I've been a Church musician since I was eight years old. I've played the piano, organ, accordion, bass, and guitar, and sang, since my school days. God gave me the gift of music when I was very small, and I began playing the organ at Church when I was only eight years old. I wrote several serious Gospel songs by the time I was ten.
Music captivated me. By day, I listened to Gospel music almost non-stop. By night, I listened to the classics, the symphonies, and the big bands. I seldom listened to popular music like rock and roll, country-western, jazz or blues. I did not enjoy listening to the lyrics of most secular songs, because they expressed values that were contrary to my Christian beliefs, so I intentionally rejected them, and restricted myself to mostly instrumental music.
In the 1950s, pocket-sized transistor radios were newly-invented. From the time I was very small, and for years, I regularly listened to classical music every night after I went to bed. I typically went to sleep with my ear-buds plugged into my transistor radio, tuned to the all-night classical music station as they played Bach, Beethoven, Mozart, Tchaikovsky, Rachmaninoff, Schubert, Vivaldi, Handel, Chopin, Liszt, Brahms, Wagner, Debussy, Dvorak, Mendelssohn, Stravinsky, and others. I listened to the string quartets, chamber music, baroque, romantic and other genres. In the sixth grade, we carefully listened to Grieg's, Peer Gynt Suite, "The Hall of the Mountain King," Tchaikovsky's "Nutcracker Suite," and "Peter and the Wolf," by Russian composer, Sergei Prokofiev. How could a sixth-grader ever forget them?
Today, when I play the piano, people often tell me that I use chords and transitions that they have never heard before; but I know why. My mind has been programmed with every conceivable chord and transition, because I listened to hundreds, if not thousands of symphony performances which contained almost every conceivable chord, transition and arrangement.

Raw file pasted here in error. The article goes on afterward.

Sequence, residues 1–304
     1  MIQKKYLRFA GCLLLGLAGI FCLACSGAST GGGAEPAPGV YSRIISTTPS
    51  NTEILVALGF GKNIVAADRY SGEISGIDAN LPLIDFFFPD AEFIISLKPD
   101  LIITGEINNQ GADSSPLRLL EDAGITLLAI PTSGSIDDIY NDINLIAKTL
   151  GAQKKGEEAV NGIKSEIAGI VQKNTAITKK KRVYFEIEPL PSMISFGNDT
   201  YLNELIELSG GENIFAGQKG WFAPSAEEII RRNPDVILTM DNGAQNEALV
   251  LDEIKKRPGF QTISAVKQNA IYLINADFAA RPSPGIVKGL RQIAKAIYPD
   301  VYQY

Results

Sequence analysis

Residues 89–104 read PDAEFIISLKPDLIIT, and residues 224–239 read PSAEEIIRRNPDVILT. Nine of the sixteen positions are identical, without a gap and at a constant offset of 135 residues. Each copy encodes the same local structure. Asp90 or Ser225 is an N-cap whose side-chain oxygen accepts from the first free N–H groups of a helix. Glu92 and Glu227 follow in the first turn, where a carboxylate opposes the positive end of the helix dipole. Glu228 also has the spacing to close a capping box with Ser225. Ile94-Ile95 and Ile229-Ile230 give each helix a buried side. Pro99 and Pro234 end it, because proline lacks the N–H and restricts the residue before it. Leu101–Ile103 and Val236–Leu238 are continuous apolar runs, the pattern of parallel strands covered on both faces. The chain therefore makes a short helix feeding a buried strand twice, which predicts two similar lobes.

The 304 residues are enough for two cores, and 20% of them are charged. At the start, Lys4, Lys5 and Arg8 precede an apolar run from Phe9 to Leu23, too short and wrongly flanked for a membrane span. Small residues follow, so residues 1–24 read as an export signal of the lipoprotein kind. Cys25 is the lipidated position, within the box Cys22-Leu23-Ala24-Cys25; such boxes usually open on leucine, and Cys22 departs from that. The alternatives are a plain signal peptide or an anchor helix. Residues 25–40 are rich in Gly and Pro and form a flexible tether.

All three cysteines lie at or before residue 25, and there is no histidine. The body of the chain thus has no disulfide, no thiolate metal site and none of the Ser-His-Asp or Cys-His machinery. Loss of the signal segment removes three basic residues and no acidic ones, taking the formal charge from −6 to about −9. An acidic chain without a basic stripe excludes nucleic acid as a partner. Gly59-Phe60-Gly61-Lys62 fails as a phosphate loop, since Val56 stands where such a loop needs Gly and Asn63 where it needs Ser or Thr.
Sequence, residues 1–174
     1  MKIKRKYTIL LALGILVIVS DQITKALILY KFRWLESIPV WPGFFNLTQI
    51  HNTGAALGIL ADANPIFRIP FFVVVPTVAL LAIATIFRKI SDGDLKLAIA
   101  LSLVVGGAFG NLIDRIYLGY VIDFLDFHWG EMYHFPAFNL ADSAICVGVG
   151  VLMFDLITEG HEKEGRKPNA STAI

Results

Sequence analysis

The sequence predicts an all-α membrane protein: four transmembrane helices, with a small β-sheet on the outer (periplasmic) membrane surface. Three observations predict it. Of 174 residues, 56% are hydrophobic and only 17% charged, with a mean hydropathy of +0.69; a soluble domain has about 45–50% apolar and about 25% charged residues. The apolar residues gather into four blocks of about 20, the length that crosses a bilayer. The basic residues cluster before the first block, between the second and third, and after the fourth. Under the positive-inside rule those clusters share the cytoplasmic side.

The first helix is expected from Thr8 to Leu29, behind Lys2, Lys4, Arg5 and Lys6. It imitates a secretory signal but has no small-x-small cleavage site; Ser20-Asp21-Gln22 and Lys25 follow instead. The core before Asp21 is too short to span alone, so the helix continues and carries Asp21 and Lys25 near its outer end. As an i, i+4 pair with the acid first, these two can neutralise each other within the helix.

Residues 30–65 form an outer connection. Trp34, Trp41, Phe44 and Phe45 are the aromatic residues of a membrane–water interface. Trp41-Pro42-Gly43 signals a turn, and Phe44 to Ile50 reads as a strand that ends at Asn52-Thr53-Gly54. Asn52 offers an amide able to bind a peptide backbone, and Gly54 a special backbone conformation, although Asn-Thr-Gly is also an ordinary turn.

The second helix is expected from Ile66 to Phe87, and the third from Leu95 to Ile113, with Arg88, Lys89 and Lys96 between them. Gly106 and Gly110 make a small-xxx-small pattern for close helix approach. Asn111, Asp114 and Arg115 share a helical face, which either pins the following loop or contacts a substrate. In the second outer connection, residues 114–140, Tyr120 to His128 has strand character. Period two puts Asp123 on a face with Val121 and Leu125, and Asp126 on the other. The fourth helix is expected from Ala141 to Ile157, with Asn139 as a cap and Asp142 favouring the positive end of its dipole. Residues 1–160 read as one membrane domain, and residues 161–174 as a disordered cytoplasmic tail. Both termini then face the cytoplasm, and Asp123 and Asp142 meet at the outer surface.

The big bands also helped program me with music. Musical legends like Fred Waring, Johnny Mercer, Hoagy Carmichael, Benny Goodman, Glenn Miller, Tommy Dorsey and others turned out tons of legendary music. And American conductors like George Gershwin, Leonard Bernstein, Ray Conniff, Mitch Miller, Percy Faith, Jackie Gleason, Norman Luboff, David Rose, Rodgers and Hammerstein, Lawrence Welk, Bert Kaempfert, Burt Bacharach, John Williams and others filled the world with their orchestrations.
Of course, the music of the Church was deeply ingrained into me, too. Hundreds of old hymns dating back two centuries furnished my permanent repertoire. And I also followed virtually all of the notable Gospel artists. George Beverly Shea, Mahalia Jackson, Doris Akers, Tennessee Ernie Ford, Jimmy Dean, Louisiana Governor Jimmy Davis, the Sons of the Pioneers, the Chuck Wagon Gang, James Blackwood and the Blackwood Brothers, Hovie Lister and the Statesmen Quartet, the Spear Family, the LeFevres, the Kingsmen, the Jordanaires, J.D. Sumner and the Stamps, Wally Fowler and the Oak Ridge Boys, the Florida Boys, the Dixie Echoes, the Downings, the Happy Goodman Family, the Singing Rambos, the Neylands, the Galileans, Rosie Roselle and the Searchers, Jake Hess and the Imperials, the McDuff Brothers, Big John Hall, Walt Mills, Ralph Carmichael, Thurlow Spurr, the Gaithers, the Lanny Wolfe Trio, Andrae Crouch and the Disciples, and so many, many more.
Music always occupied an enormous part of my life. I knew and have performed literally thousands of Gospel songs.
As a teenager, for six years I performed in the "A" choir, in Interscholastic League solo, ensemble, and choir competitions, and was selected for Regional Choirs, and the Texas All-State Choir. While in the 200-voice All-State Choir, we performed an exhilarating three-night concert series in the Austin Municipal Auditorium before a crowd of 7,000 people, accompanied by a 200-piece All-State Band and a 250-piece All-State Orchestra - 650 talented young musicians on one stage! We performed many classical works, including several in Latin.
Then, while attending an Assemblies of God Bible College, I was a member of a 40-voice touring choir that sang regularly on their weekly radio broadcast, heard on 650 radio stations around the world every Sunday night. In those days, I also had a Gospel group that performed professionally in concerts around the Midwest, with many of the groups I mentioned above.
So, you get the picture. On and on, my story goes, for more than fifty years, I have performed music in Churches, concert halls, and auditoriums, in forty states and six countries.
Let me teach you a spiritual lesson from what I have learned about MUSIC.